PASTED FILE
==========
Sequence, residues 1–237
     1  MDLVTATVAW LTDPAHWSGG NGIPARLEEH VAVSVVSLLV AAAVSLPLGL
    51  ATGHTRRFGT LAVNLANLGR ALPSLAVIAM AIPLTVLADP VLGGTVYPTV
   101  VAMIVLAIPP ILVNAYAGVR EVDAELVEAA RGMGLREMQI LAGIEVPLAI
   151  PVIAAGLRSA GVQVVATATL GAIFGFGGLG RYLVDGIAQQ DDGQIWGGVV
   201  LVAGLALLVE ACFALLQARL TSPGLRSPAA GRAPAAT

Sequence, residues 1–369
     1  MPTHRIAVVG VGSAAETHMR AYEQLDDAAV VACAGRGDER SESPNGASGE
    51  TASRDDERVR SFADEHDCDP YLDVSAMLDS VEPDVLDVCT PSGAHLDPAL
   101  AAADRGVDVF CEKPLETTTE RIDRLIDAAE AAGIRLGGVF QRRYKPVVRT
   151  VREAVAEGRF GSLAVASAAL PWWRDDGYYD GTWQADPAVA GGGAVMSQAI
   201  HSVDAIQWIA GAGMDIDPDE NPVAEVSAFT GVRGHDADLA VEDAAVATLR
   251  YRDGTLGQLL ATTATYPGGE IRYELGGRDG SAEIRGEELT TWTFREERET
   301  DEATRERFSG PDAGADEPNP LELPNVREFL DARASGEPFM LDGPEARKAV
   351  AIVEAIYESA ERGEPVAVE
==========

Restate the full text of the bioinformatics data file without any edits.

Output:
Sequence, residues 1–237
     1  MDLVTATVAW LTDPAHWSGG NGIPARLEEH VAVSVVSLLV AAAVSLPLGL
    51  ATGHTRRFGT LAVNLANLGR ALPSLAVIAM AIPLTVLADP VLGGTVYPTV
   101  VAMIVLAIPP ILVNAYAGVR EVDAELVEAA RGMGLREMQI LAGIEVPLAI
   151  PVIAAGLRSA GVQVVATATL GAIFGFGGLG RYLVDGIAQQ DDGQIWGGVV
   201  LVAGLALLVE ACFALLQARL TSPGLRSPAA GRAPAAT

Sequence, residues 1–369
     1  MPTHRIAVVG VGSAAETHMR AYEQLDDAAV VACAGRGDER SESPNGASGE
    51  TASRDDERVR SFADEHDCDP YLDVSAMLDS VEPDVLDVCT PSGAHLDPAL
   101  AAADRGVDVF CEKPLETTTE RIDRLIDAAE AAGIRLGGVF QRRYKPVVRT
   151  VREAVAEGRF GSLAVASAAL PWWRDDGYYD GTWQADPAVA GGGAVMSQAI
   201  HSVDAIQWIA GAGMDIDPDE NPVAEVSAFT GVRGHDADLA VEDAAVATLR
   251  YRDGTLGQLL ATTATYPGGE IRYELGGRDG SAEIRGEELT TWTFREERET
   301  DEATRERFSG PDAGADEPNP LELPNVREFL DARASGEPFM LDGPEARKAV
   351  AIVEAIYESA ERGEPVAVE